It is expected that on November 5, 2020, Mexico’s new Federal Law on Protection of Intellectual Property (LFPPI) will take effect. Pursuant to the LFPPI, the Mexican Institute of Industrial Property (IMPI) and the Federal Commission for the Protection against Sanitary Risks (namely, the regulatory agency known as COFEPRIS), will participate jointly in the design and implementation of a new patent linkage system for allopathic medicines.
It is expected that by approximately December 17, 2020: (i) a regulation will be issued by the Executive branch of the Mexican Government; and/or (ii) General guidelines will be issued by COFEPRIS and IMPI, that will provide the rules regarding this new patent linkage system.
The current patent linkage system requires: (1) bi-annual publication in the IMPI Gazette of a list of allopathic medicine patents; and (2) that intra-governmental communications between COFEPRIS and IMPI occur prior to the granting of any sanitary registrations for allopathic medicines. The current linkage system is regulated by regulations under the current Industrial Property Law and the Health Supplies Regulation.
Under the new LFPPI, support of the patent linkage system will be elevated to that of Federal law instead of merely legislation (under the Mexican legal system, laws, such as Federal laws, have a higher hierarchy than regulations). Thus, the new patent linkage system will require, somewhat similarly to the current linkage system, the following: (1) bi-annual publication in the IMPI gazette of the list of allopathic medicine patents; and (2) that such publication occur as a result of a coordinated effort between IMPI and COFEPRIS in the operation of the linkage system.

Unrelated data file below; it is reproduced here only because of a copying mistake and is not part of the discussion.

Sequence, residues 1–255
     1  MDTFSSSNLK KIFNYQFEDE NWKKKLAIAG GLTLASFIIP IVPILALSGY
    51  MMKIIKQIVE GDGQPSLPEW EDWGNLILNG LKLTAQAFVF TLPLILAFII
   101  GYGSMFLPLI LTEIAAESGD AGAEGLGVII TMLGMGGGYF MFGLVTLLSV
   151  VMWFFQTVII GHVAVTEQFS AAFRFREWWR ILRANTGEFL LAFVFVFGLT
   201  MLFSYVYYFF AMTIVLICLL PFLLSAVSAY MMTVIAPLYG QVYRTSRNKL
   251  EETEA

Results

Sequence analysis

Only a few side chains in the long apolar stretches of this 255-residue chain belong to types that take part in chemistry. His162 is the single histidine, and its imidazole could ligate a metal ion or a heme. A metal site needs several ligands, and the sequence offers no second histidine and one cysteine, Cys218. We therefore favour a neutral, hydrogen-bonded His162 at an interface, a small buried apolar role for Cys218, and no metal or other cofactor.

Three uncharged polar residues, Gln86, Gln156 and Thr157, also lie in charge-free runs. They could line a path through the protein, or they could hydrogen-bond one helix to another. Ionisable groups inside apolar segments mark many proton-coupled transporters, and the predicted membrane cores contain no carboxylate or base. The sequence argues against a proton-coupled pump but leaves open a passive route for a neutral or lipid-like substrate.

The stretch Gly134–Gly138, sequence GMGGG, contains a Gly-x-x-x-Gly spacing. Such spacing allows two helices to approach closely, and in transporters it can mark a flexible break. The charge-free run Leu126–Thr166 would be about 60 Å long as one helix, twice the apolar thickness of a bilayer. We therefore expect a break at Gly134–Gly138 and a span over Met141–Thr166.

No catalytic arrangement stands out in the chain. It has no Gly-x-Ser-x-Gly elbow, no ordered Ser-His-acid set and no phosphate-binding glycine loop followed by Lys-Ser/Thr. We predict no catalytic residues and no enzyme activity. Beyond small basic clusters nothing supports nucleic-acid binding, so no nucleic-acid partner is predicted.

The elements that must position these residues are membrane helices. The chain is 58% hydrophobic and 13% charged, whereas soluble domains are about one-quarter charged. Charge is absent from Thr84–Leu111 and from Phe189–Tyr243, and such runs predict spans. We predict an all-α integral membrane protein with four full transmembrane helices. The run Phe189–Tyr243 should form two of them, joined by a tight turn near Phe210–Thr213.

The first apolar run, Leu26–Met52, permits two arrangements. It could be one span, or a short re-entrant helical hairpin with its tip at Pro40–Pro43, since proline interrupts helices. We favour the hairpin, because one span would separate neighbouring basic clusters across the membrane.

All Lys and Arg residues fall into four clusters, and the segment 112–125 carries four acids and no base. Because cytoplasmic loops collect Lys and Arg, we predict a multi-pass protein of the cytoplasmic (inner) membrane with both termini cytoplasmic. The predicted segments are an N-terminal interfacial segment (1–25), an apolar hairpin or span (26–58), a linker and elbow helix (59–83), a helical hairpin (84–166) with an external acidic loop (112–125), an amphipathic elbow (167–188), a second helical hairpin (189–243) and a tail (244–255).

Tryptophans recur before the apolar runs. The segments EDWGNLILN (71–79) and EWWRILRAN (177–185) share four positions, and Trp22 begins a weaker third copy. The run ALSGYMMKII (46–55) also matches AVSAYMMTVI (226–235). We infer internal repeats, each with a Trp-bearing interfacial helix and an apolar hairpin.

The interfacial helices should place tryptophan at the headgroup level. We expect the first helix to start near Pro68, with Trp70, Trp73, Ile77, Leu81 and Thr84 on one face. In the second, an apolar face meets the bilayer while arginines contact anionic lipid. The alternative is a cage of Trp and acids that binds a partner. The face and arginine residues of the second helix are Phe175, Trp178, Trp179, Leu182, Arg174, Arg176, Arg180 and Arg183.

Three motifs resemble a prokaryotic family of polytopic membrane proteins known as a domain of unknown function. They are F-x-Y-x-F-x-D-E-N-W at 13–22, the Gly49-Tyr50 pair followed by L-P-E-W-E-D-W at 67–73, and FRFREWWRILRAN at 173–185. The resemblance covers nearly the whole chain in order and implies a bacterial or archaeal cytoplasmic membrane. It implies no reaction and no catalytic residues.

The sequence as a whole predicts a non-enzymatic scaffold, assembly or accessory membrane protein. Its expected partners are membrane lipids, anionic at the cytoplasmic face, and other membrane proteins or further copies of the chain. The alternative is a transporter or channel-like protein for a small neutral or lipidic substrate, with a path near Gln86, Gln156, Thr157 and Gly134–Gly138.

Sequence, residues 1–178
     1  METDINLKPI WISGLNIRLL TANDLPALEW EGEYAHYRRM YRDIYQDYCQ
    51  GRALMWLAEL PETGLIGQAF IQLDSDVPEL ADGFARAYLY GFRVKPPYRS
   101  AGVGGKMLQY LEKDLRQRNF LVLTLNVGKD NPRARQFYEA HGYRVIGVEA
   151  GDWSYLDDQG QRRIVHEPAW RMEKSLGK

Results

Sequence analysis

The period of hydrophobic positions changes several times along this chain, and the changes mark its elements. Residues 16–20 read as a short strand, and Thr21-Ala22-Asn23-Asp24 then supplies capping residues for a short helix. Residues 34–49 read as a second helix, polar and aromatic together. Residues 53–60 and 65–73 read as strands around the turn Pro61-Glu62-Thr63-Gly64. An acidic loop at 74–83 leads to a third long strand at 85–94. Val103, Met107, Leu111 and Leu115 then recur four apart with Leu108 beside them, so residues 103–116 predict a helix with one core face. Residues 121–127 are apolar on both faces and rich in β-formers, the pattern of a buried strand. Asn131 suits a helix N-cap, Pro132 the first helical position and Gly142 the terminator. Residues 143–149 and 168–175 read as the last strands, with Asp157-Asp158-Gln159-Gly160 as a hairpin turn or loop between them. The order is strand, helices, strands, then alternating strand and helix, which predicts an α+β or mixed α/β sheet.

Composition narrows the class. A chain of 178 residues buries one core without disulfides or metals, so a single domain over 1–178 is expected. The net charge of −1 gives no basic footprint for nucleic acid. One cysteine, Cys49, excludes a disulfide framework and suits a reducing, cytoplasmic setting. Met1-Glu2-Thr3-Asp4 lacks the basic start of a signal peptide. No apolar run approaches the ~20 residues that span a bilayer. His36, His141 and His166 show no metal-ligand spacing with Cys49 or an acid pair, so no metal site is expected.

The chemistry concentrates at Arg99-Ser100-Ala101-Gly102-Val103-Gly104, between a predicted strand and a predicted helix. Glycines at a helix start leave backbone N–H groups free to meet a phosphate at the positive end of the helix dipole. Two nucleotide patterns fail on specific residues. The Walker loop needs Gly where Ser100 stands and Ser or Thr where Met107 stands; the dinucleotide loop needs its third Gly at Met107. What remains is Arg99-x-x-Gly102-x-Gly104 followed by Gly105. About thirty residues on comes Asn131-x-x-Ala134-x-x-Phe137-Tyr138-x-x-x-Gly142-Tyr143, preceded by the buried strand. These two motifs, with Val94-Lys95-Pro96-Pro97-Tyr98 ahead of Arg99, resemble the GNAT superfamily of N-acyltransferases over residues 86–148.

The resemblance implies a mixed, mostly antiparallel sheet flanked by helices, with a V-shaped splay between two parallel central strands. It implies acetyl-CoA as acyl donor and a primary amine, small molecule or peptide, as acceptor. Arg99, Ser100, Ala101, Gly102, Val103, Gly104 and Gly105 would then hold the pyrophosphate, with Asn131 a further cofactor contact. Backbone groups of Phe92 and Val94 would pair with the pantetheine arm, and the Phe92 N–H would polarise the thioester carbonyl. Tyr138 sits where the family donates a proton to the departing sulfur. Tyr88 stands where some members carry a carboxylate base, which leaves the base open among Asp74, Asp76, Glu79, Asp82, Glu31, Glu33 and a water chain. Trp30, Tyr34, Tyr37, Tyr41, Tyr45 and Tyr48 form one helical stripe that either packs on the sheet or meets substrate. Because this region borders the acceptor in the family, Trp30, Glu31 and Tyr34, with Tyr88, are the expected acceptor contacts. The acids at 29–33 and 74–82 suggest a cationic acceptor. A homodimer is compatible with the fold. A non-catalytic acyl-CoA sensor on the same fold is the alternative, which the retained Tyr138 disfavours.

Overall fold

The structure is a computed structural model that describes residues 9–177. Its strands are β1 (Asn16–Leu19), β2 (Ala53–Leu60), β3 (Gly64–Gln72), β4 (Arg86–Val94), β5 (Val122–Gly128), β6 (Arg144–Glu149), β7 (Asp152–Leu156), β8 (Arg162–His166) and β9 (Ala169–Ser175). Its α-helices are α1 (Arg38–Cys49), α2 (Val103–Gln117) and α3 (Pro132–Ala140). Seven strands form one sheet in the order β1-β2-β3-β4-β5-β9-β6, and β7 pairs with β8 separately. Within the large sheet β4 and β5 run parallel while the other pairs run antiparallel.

The LFPPI also establishes that publication of the list be carried out in accordance with the current Health regulations, which may trigger different interpretations from those already made in the past by the Mexican courts.
It is expected that the scope of the linkage system will be modified based on the new regulations to be issued. For example, it is anticipated that the linkage system will include new requirements or obligations, such as a requirement that notice be provided to the patent owner, or that the patent owner be permitted to conduct a hearing, as established by the U.S.-Mexico-Canada Trade Agreement (USMCA)/El Tratado entre México, Estados Unidos y Canadá (TMEC).
Currently, there are several legislative initiatives currently being studied and under discussion in advance of the LFPPI coming into effect. These legislative initiatives seek to provide limitations on the scope of the new linkage system. These efforts demonstrate that there are lobbing efforts underway by various stakeholders and associations to define certain inclusions or limitations into the final version of the new linkage system. In fact, on August 19, 2020, an announcement was made that COFEPRIS: (i) is no longer considered to be an autonomous government entity (up until August 19, 2020, COFEPRIS was a decentralized agency of the Ministry of Health and in charge of the control and surveillance of all aspects related to sanitary regulations (i.e., drugs, medical devices, health services, food supplements, food and beverage, cosmetics, pesticides, clinical studies, etc.), with administrative, technical and operational autonomy), but instead is now dependent on the Undersecretary for Prevention and Promotion of Health); and (ii) issued new rules “announcing” that “use” patents will no longer be considered under the patent linkage system. The formal rules for items (i) and (ii) have not yet been published, thus, we are unable to know the basis or rational behind this announcement; however, this is an example of the trend of the Mexican government to limit the patent linkage system to compound patents only.
Please continue to watch BRICS & Beyond for updates on the new patent linkage system in Mexico.
This post was written by Lisa Mueller and José Alejandro Luna Fandiño of Olivares.